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Books: To buy or not to buy… and from where?

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By Connor Murphy

Contributing Writer

[email protected]

Feb 10, 2015

   It’s no leap of faith to say that every student returning from winter break wants to kick off spring semester on a positive note, both educationally and socially. With the first few weeks of classes in our past, it’s only appropriate that we buy the tools necessary for a college education.

   I’m not talking about tuition or any fixed expenses that loom over us like the clouds of the recent #Snowmageddon2015. I’m talking about another snake in the boots of us countless students: buying books.

   Dating back to first day, freshman year, I’ve only noticed two trains of thought when it comes emptying our pockets for the textbooks, anthologies, course packs, iClickers, and other various types of classroom material needed to stand a chance of keeping that GPA up. They are:

   1. Buying books at either the campus bookstore or an off-campus local bookstore, or

   2. Buying books from the comfort of your own bed, through outlets such as Amazon and eBay.

   There are pros and cons to both, but I’m here to say that choice two is the right one to make 90 percent of the time.

   Sometimes the bookstore is the only option, such as when it comes to buying things like a course pack. Sometimes that only option is once again limited, as some professors only offer their course pack through one specific bookstore, which can obviously lead to some internal student screaming all in the name of academia.

   But don’t even get me started up on the types of hoops some of these stores themselves make you jump through. “Want to buy a book at our store? Here, why don’t you stand in this line to only stand in another line for an amount of time equal to having the first few chapters read and memorized, which by the way, is due tomorrow and will absolutely be a topic for class discussion.”

   I digress from maybe a personal and unrelated rant, even if this scenario is the stuff of any student’s nightmares. To understand this system of buying, renting, and selling course materials, I found that not everyone shares the same opinion.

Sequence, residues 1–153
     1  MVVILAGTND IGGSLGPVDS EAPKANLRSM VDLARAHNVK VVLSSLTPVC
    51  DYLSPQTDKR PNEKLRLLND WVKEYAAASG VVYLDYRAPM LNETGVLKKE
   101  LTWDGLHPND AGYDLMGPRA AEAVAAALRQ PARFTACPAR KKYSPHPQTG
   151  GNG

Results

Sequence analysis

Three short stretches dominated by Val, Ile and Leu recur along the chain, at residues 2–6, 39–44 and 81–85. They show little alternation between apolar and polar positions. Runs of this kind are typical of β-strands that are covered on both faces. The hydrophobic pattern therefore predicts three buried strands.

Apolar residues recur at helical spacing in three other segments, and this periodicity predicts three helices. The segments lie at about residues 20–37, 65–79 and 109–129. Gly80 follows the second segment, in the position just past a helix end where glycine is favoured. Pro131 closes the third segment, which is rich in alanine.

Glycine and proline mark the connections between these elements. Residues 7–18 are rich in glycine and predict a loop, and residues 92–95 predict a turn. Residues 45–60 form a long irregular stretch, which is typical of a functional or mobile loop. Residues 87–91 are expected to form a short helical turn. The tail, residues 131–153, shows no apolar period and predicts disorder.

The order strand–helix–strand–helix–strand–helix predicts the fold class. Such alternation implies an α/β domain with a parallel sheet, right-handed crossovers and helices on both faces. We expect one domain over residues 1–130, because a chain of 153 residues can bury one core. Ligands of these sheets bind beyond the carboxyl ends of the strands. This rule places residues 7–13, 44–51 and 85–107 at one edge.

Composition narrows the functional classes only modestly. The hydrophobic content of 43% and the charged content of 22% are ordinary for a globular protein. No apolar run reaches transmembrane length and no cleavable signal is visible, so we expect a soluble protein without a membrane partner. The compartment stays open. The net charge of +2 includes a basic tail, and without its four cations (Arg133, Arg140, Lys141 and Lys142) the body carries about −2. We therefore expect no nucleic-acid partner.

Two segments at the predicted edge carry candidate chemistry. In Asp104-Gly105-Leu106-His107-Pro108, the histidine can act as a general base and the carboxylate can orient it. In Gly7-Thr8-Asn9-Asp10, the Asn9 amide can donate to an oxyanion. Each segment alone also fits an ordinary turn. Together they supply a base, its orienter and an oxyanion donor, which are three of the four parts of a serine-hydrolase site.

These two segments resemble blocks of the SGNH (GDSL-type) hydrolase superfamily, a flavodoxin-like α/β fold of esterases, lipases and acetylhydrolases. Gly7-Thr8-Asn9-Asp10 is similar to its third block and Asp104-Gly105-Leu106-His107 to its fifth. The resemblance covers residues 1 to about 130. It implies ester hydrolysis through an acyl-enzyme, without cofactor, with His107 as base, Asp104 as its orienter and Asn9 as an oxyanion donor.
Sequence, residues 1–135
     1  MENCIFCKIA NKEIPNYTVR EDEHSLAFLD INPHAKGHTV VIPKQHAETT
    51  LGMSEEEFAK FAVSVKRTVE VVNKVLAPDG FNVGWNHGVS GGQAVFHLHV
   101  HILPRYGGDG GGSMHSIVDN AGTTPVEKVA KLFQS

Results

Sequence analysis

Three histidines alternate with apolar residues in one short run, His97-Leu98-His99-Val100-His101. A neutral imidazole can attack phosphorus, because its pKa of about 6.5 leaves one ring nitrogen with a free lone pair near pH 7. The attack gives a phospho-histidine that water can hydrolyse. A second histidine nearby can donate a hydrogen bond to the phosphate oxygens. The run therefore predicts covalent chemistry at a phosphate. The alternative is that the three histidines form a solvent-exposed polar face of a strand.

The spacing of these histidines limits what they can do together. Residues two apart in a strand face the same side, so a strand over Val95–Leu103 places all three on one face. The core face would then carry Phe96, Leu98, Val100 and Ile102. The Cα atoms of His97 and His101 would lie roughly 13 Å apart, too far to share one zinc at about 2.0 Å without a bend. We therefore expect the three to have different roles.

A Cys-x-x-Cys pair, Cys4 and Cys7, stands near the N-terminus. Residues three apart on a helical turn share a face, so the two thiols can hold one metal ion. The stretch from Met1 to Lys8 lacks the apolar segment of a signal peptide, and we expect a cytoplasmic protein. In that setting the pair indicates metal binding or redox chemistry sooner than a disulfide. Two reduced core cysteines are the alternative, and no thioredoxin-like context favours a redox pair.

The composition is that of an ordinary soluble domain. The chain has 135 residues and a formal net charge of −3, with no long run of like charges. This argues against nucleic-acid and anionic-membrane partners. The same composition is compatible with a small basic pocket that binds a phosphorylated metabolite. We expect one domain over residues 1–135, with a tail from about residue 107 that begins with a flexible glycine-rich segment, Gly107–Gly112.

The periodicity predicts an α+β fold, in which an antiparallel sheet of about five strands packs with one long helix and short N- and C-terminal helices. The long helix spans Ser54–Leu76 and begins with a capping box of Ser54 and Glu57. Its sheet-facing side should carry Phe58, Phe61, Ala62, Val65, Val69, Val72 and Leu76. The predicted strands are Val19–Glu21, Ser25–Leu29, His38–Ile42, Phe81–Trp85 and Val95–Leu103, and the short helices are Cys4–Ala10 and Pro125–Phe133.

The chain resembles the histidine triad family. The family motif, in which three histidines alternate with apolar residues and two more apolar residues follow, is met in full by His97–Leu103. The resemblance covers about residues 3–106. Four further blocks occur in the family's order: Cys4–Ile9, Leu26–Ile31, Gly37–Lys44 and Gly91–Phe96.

One student I spoke to about the topic, junior Nicole Cardinale said, “Buying books has been relatively simple and easy.”

   “I compare the UAlbany bookstore prices,” she explained, “with those on Amazon and eBay and come away with hundreds of savings, either way.”

   As fas as negative experiences, Cardinale said there was “only one professor who insisted on the newest edition of a book,” but “99 percent of professors won’t do this sort of thing.”

   Another student I talked to on the subject, senior Thomas Krzeminski, said, “I buy all my books on eBay for a lot cheaper than the bookstore.”

   Of the bookstore he added, “The only good thing about it is that it’s conveniently close.”

   As mentioned, the two approaches have their ups and downs. I’ve been as burdened by Amazon as a bookstore when it comes to those appalling waiting periods for the package to arrive from a third party because the usual Prime membership two-day free shipping wasn’t an option.

   On a side note, if you haven’t gotten a Prime membership through Amazon, please do now and mark that you’re a student when you sign up. You’ll thank me later.

   To encapsulate these online shopping mistakes, be wary of weighing the options between first and third party. Make your decision based on this: If you want to buy the book a little more expensive and have it guaranteed on time for classes, option one is for you. If you want to run the risk of starting your readings maybe two weeks later than everyone else and get the book for a penny in the process, option two is for you. Option one is the logical way, even if a few bucks are lost in the process.

   This is the final tip, and it’s important to preface this by saying I’ve heard just about every excuse for ignoring it. Buy the books! I know, it’s a painful process, to fathom that a significant chunk of change from already-barren bank accounts will be lost only to have the investment lose its value when trying to sell it back at the end of the year.

   There is a light at the end of the tunnel, though. Just consider, for one second, to read or put these materials that have been purchased to good use. Think of the ramifications of gaining the knowledge needed to succeed in your chosen field. Not buying them now may save money and time in the short-term., but in the long-term, not so much.

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